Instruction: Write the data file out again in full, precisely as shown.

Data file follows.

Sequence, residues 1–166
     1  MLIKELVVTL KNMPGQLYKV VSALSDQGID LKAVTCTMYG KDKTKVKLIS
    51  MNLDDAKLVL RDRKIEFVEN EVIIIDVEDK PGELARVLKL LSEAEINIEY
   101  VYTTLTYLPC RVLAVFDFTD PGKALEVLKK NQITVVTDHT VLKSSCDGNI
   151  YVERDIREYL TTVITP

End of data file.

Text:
Sequence, residues 1–166
     1  MLIKELVVTL KNMPGQLYKV VSALSDQGID LKAVTCTMYG KDKTKVKLIS
    51  MNLDDAKLVL RDRKIEFVEN EVIIIDVEDK PGELARVLKL LSEAEINIEY
   101  VYTTLTYLPC RVLAVFDFTD PGKALEVLKK NQITVVTDHT VLKSSCDGNI
   151  YVERDIREYL TTVITP